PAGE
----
- Posted December 20, 2013 by
WHAT IS THAKSIN REGIME?
By Harirak Sutabutr
Suthep Thaugsuban discarded his last card and announced that everyone must choose one side or the other because Monday, Dec 9, 2013 was set as the decisive day for those who were still ambivalent and unable to choose. It may have been because they were unsure what Thaksin regime Suthep and all the leaders wanting to overthrow was.
Thaksin regime is not a regime with philosophical principles or a system conscientiously designed. It is a regime born out of evolution with the goal geared towards coming into the country’s administrative power, or in other words, becoming a government.
To understand the Thaksin regime, we probably have to look back at Thaksin Shinawatra’s path onto political stage. He was a police officer and at the same time was also doing his own business along side. Money making business for Thaksin at the time was as IBM representative to bid and sell its mainframe computer system to various government agencies. His other businesses such as cinemas and real estates were not successful. They led to huge debts until he got Phone Link and 900 megahertz mobile phone networks. Those were quasi-monopoly business through state contracts. The mobile phone business was a business that made him rich rapidly.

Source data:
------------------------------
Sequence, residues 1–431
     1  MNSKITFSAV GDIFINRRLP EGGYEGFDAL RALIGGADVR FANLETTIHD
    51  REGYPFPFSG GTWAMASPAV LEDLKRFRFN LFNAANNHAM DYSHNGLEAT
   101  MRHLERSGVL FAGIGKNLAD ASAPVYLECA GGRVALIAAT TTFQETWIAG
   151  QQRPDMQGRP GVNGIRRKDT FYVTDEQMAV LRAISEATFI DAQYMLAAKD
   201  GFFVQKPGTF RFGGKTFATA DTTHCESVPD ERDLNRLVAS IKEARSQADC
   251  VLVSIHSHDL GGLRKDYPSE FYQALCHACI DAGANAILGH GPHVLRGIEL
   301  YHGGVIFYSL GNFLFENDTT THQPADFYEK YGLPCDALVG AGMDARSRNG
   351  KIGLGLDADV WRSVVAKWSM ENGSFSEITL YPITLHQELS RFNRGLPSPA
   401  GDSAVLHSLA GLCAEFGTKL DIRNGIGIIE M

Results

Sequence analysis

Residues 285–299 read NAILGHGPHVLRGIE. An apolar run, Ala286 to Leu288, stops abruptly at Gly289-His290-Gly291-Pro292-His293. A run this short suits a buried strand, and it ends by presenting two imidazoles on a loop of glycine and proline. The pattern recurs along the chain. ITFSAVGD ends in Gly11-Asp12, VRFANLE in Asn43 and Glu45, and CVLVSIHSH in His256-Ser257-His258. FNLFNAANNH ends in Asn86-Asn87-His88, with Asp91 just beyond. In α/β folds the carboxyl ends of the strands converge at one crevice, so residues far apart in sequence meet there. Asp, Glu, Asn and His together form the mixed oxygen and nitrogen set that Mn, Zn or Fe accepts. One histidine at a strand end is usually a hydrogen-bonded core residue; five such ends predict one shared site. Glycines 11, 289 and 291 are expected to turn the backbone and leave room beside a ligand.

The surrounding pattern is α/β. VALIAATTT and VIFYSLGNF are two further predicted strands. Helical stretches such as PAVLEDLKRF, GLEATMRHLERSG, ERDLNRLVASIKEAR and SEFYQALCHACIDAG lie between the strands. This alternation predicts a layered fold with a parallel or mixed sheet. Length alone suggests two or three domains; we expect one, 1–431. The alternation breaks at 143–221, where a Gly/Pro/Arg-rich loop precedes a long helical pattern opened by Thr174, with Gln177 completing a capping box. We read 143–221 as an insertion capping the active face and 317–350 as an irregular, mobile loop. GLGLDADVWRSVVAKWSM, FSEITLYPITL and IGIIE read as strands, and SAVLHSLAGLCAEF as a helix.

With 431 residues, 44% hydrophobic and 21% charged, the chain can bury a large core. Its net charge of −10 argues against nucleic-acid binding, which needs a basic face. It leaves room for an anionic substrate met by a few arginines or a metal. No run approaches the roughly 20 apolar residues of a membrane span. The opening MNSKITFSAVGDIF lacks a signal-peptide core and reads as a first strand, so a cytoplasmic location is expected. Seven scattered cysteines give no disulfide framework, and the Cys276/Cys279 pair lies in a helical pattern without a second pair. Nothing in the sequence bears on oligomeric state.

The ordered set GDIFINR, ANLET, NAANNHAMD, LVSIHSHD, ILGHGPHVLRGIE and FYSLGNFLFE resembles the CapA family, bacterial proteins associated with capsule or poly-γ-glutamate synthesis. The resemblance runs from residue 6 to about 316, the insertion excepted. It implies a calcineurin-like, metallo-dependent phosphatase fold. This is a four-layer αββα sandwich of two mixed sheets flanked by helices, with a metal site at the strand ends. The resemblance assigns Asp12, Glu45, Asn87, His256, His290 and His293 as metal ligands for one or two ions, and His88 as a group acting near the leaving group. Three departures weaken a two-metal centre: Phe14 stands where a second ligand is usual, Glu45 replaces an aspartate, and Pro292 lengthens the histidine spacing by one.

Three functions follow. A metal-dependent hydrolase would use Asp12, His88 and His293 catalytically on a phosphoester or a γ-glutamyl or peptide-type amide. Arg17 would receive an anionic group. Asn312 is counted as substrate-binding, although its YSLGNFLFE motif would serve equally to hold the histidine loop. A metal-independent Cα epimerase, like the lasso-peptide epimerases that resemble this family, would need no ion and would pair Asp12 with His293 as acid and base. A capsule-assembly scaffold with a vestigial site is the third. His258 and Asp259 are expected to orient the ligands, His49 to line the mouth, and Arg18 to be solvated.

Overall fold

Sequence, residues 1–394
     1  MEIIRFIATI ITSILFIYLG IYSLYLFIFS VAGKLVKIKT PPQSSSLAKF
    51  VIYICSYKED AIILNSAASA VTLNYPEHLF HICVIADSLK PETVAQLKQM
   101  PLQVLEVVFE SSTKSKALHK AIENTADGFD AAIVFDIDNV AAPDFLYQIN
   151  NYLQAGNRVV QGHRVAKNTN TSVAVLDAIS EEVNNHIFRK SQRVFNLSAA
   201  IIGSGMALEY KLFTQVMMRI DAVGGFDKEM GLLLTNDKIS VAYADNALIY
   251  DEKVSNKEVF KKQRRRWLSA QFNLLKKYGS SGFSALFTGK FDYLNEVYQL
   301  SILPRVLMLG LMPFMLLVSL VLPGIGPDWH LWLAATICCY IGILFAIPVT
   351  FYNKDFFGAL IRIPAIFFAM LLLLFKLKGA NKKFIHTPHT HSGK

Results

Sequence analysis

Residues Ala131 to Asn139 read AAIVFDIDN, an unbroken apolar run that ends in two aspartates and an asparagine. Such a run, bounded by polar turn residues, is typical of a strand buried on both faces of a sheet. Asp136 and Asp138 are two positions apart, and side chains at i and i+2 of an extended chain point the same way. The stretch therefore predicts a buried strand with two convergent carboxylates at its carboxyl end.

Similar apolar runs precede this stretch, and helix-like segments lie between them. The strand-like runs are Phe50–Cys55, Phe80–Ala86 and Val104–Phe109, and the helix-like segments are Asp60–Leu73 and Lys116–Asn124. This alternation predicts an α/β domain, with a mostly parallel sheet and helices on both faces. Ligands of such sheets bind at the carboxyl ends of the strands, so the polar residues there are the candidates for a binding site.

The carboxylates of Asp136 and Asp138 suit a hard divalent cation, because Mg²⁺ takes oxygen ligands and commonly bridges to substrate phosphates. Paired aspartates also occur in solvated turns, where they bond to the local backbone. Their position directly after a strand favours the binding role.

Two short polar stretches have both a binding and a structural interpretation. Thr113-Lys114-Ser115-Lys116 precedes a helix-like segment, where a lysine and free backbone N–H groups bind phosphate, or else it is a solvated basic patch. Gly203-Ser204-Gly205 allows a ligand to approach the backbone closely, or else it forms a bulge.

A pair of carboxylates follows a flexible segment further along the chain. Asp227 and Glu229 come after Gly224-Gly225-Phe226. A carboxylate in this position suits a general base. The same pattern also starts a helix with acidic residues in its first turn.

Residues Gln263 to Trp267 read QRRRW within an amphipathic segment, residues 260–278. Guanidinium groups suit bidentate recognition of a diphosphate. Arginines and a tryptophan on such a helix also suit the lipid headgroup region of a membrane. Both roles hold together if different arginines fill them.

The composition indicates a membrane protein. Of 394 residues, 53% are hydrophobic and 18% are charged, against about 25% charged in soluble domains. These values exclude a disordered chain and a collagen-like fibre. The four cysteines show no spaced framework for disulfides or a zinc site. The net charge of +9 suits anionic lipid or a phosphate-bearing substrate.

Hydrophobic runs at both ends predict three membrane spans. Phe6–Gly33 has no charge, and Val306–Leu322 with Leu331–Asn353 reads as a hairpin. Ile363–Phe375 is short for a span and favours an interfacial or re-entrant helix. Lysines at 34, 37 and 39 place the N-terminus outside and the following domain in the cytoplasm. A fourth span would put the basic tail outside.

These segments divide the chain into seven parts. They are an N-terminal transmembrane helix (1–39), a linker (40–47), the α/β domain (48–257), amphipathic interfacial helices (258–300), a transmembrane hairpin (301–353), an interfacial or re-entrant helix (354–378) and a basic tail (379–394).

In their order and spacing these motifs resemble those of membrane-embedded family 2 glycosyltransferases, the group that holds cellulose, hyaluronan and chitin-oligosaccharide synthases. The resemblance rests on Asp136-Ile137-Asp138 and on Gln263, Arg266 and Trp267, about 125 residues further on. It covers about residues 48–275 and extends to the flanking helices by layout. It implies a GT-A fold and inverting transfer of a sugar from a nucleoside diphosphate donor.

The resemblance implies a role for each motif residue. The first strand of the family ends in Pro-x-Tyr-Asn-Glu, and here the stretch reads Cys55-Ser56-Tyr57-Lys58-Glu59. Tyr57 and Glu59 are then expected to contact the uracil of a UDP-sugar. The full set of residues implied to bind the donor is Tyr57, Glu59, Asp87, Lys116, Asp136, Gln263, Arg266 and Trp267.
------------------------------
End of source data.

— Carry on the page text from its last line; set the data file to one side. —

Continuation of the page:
During the government of Chatichai Choonhavan, Thaksin still had close ties with Chalerm Yubamrung who was the minister of the Office of the Prime Minister. Chalerm oversaw Communication Organization of Thailand at the time while Thaksin was lobbying for the right to do cable TV business with plans for a joint venture with a foreign company. However, there were problems later on and the company filed fraud litigation against him. It is not clear if the case has been finalized.
During Anand Panyarachun’s or the National Peace Keeping government, Thaksin bid and won satellite concession which was 100% monopoly. It was like his business had wings and it made him 100 billion baht in just a few years. It is evident that Thaksin’s businesses that were successful were all those required lobbying state agencies so we can say he has been a lobbyist with the government from the time he began doing business.
In 1994 during Chuan Leekpai’s government and through the invitation of Maj. Gen Chamlong Srimuang and Sudarat Keyuraphan of Palang Dharma Party—part of the coalition government parties, Thaksin became a foreign minister. He later replaced Maj. Gen. Chamlong as the party leader and became a Deputy Prime Minister during Banharn Silpa-archa’s and Gen Chavalit Yongchaiyudh’s governments. He declared he would solve Bangkok’s traffic congestion problems in 6 months but he failed and never talked about that again. It was during that time when there were rumors that Thaksin conspired to devalue the baht and made enormous benefit. He left Palang Dharma Party after that.